Kurdish Peace Process is on Knife Edge — Again
12-10-2013 – AL MONITOR – By Tulin Daloglu – On Dec. 8, militants of the Kurdistan Workers’ Party (PKK) kidnapped four Turkish soldiers on the highway from Diyarbakir to Lice, at the intersection of Fis Ovasi, where this terror organization was born in a meeting at a small village house.
Turkish Prime Minister Recep Tayyip Erdogan instantly reacted when the news broke: “Those who want harm the process [of negotiations with the PKK] cause these events. The events in Hakkari were also caused by the same kind of people,” he said. “We won’t fall into this trap, but will continue with the process. There is nothing else to say besides that we expect our soldiers to be released soon.”
Not so long after, in the early hours of Monday, the PKK released the kidnapped soldiers — Melih Dikyol and Hakan Ozer, both sergeants, and Ugur Sert and Ali Akdemir, both specialized sergeants. One local in Lice told Al-Monitor in a telephone interview, asking that his name not be revealed, “At least a thousand people went to the area where it was thought that they might be holding these soldiers. It is a location around the Yolcati village of Lice where the PKK has its own cemetery,” he said. “People don’t want a new round of fighting and they are angry with both sides — the government and the PKK. And it was the people who forced the PKK to release these soldiers without being harmed.”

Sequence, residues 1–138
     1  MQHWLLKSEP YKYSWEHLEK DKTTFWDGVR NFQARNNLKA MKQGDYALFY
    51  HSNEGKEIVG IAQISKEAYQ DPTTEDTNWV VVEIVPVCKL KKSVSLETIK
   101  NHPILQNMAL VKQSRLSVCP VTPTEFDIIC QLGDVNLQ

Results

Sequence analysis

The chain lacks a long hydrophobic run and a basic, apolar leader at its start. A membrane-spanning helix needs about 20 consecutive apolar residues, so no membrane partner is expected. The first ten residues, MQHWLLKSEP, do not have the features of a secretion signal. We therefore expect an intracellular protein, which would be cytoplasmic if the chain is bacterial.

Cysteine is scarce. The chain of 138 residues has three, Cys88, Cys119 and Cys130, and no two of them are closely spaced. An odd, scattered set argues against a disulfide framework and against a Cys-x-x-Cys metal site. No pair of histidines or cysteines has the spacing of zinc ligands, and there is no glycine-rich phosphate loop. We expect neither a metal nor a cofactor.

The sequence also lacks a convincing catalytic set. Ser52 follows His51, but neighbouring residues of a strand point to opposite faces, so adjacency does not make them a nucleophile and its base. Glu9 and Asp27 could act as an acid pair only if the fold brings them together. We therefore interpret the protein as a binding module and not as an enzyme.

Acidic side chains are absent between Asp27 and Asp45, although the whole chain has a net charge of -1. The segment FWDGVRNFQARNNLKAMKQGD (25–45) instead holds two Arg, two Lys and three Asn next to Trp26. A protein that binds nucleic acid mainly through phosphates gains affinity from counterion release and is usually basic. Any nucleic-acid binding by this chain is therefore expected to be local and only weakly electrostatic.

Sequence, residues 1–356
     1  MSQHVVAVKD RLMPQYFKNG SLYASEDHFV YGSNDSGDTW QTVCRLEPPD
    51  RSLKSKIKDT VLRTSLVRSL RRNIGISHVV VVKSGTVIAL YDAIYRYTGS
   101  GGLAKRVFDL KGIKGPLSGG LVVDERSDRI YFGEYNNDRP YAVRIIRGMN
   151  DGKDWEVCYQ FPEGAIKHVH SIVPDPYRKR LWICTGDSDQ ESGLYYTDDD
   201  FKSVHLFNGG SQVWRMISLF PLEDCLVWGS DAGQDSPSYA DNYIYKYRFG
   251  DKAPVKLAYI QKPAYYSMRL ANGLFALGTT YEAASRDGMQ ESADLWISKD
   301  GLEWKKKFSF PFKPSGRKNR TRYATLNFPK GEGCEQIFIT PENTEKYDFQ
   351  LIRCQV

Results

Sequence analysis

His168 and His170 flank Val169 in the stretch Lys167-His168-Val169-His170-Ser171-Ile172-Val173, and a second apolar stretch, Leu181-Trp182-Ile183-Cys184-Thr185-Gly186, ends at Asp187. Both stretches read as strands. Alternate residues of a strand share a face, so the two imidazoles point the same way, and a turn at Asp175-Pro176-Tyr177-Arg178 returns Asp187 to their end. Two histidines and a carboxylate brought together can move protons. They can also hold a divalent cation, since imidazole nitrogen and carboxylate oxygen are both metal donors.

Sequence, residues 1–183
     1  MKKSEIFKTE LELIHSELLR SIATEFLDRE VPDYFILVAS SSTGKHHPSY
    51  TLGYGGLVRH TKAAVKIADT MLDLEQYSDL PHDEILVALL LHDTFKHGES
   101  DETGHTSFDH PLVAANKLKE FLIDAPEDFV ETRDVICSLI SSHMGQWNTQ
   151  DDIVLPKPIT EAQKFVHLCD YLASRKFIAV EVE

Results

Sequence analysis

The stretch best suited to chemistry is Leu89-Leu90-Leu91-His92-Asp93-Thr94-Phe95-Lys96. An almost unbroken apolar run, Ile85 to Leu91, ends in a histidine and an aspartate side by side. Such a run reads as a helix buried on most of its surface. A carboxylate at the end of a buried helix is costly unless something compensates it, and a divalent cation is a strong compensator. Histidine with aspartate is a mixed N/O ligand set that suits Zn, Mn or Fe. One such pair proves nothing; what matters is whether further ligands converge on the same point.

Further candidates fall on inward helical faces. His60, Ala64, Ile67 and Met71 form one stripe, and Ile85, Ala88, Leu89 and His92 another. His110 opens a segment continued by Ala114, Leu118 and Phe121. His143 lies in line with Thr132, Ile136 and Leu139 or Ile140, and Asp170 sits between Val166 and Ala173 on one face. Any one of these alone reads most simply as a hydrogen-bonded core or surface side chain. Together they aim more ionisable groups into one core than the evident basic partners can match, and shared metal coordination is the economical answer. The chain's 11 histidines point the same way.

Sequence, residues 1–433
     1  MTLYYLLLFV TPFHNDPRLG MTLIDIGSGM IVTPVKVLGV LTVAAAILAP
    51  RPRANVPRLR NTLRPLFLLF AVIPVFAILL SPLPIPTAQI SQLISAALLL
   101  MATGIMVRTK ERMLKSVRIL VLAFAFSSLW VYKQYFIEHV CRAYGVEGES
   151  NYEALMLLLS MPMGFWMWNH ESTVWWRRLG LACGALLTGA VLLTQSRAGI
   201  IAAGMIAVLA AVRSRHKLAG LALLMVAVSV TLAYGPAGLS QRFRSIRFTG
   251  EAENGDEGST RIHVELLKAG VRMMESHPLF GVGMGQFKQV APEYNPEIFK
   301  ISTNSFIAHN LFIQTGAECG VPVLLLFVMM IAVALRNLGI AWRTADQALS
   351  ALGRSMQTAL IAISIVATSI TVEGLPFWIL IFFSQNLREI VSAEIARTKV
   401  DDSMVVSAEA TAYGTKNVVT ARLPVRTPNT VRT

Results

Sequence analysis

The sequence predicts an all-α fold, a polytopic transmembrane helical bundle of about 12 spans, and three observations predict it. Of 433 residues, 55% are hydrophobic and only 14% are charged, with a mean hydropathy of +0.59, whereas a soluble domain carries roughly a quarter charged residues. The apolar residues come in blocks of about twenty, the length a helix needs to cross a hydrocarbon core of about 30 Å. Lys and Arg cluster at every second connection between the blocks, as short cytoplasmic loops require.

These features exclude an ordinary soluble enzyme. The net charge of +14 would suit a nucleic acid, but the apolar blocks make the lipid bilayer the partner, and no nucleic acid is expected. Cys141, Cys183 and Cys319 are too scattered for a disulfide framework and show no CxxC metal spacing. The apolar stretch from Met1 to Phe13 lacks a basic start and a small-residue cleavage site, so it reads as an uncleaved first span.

Another source in Lice pointed to the rebellious nature of its people, and noted that when the military wing of the PKK announced May 8 — on imprisoned PKK leader Abdullah Ocalan’s command — that their withdrawal from Turkish territory would begin, PKK’s Lice group objected. The Lice group is led by Mehmet Sah Yildemir, also known as Reber.
“The security forces must have received some tips that something was in the making about a week ago. Since last February, when Erdogan announced the existence of the talks with Ocalan, there have been no security checkpoints on this highway from Diyarbakir to Lice. But the military had been checking on people for the past week,” the source told Al-Monitor in a telephone interview. “But one needs to understand that this kidnapping also occurred based on Ocalan’s last message. His warning was a provocation within itself.”
The message was spelled out by Pervin Buldan, the pro-Kurdish Peace and Democracy Party (BDP) group acting chairwoman, on Dec. 7 after meeting Ocalan on the island of Imrali where he is in solitary confinement. Buldan claimed that Ocalan had blamed “the finger of the parallel state [the so-called “deep state”] in the death of two civilians in Yuksekova,” and that he called on “people to take necessary measures to protect him, and be cautious of provocations.”
Rumors were spread in Yuksekova, in Hakkari province, that the state was tearing down the PKK cemetery there. Whether these rumors had any truth in them or not, people gathered to protest damage to the cemetery. Things got out of control when some of the protesters wearing masks started to shout Ocalan’s name and chant PKK slogans. In the heat of the chaotic clash between the demonstrators and the security officers, two protesters — Veysel Isbilir and Mehmet Resit Isbilir — were shot to death.